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Capel St Mary mum shares her experiences with Parkinson's as charity launches urgent fundraising drive

PUBLISHED: 12:18 10 April 2017 | UPDATED: 12:18 10 April 2017

Sandy Mansfield (far right) with her four daughters and husband. Picture: PARKINSON'S UK

Sandy Mansfield (far right) with her four daughters and husband. Picture: PARKINSON'S UK

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A Suffolk mother-of-four living with Parkinson's is backing an urgent drive to boost research into the condition.

Former army servicewoman Sandy Mansfield, from Capel St Mary, was diagnosed with the illness last year.

She takes six tablets every day to ease chronic pain in her neck and back – and despite being a very active person now, the 52-year-old fears she will lose the ability to walk as her condition progresses.

Today Sandy, supported by her husband and four daughters, is sharing her experiences in a bid to help researchers find a cure.

Her call comes as national charity Parkinson’s UK launches an urgent campaign to raise awareness of the condition and prevent drugs for the condition falling behind other illnesses. The current treatment – levodopa – hasn’t changed in 50 years.

“I’d suspected that I might have Parkinson’s for a while before I was officially diagnosed,” she said.

“My father passed away from motor neurone disease and my sister has Alzheimer’s, so I was worried that it could be something else.

“It was almost a relief to be told that I had Parkinson’s. My doctor was taken aback by my reaction and my matter of fact approach to my diagnosis.

She added: “I’ve always loved being active and it scares me to think that I won’t be able to, as my condition progresses. I don’t know what will happen next, but I take life as it comes and live it to the full.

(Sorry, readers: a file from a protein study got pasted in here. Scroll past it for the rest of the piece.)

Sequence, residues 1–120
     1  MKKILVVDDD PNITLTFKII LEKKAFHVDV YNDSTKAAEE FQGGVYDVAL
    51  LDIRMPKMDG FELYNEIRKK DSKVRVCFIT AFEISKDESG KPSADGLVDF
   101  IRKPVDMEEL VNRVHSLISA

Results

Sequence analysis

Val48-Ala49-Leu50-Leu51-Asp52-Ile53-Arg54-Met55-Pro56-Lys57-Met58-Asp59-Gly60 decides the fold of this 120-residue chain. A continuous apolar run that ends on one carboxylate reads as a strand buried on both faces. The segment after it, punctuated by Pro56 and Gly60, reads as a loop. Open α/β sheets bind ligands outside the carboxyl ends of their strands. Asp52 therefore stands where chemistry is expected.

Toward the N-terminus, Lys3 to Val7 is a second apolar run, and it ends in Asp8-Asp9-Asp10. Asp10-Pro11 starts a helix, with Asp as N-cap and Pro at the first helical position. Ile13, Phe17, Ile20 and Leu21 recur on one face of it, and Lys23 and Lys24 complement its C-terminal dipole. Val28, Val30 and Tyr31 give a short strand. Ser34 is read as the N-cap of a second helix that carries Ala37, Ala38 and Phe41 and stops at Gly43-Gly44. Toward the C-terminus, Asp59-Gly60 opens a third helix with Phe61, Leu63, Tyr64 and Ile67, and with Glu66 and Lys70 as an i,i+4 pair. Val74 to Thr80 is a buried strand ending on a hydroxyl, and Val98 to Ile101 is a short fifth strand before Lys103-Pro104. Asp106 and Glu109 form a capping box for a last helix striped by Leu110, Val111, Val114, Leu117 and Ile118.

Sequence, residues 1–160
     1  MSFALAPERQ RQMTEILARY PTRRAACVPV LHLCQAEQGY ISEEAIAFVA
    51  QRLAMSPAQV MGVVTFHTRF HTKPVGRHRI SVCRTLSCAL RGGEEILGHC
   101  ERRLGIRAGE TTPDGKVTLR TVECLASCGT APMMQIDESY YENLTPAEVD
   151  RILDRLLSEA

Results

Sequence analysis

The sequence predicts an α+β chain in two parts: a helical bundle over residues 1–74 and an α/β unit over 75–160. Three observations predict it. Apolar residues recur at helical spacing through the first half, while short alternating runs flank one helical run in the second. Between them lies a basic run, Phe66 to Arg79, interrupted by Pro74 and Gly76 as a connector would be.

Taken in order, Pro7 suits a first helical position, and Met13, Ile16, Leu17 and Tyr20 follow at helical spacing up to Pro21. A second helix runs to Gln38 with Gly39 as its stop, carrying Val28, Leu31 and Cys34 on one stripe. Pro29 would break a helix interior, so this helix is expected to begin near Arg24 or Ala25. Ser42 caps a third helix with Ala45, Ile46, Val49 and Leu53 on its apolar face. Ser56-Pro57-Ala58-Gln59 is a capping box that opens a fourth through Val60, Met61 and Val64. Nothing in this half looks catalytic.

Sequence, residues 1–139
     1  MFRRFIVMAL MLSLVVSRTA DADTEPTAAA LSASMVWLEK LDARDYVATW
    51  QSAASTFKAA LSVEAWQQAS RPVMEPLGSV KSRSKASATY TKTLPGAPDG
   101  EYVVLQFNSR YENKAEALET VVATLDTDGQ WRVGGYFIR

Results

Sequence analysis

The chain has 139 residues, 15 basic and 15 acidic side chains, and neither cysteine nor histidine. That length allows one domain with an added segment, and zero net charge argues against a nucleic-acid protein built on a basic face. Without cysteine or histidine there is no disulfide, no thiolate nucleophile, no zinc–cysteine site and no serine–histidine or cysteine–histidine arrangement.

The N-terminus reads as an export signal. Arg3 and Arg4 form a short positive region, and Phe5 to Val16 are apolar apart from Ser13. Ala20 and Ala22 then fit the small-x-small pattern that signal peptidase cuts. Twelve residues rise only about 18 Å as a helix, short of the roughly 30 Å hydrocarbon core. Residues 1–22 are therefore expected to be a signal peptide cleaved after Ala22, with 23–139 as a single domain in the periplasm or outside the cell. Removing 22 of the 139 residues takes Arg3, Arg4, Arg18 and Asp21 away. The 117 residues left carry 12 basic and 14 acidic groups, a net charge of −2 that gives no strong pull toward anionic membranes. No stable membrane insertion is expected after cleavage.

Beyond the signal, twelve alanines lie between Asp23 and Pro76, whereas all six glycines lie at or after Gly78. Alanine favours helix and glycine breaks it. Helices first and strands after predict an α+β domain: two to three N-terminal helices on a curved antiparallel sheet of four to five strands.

“It’s important to enjoy every moment – I’ve had a fantastic life and I still do.

“A cure would of course mean everything – it would give me my life back, and mean I’m not just waiting for the next stage of my Parkinson’s.”

Charity bosses at Parkinson’s UK fear a generation of people living with the condition may face an uncertain future – and like Sandy, will be conscious that their condition will never improve.

Area manager for the eastern region Ramila Patel said: “In the past 200 years we have made many strides forward, but people with Parkinson’s are still waiting for a treatment that can tackle the condition head on.

“Parkinson’s can leave people struggling to walk, talk and sleep.

Today, we say we won’t wait any longer.

That’s why Parkinson’s UK is spearheading, with the expertise of the research community and the support of those living with Parkinson’s, the step change needed to deliver better treatments and a cure faster.

“But we can’t do this alone. That’s why we’re urgently asking people to donate, in our first ever public fundraising campaign, whatever they can to support our vital work. We won’t tolerate Parkinson’s treatments falling behind.”

To donate, visit parkinsons.org.uk

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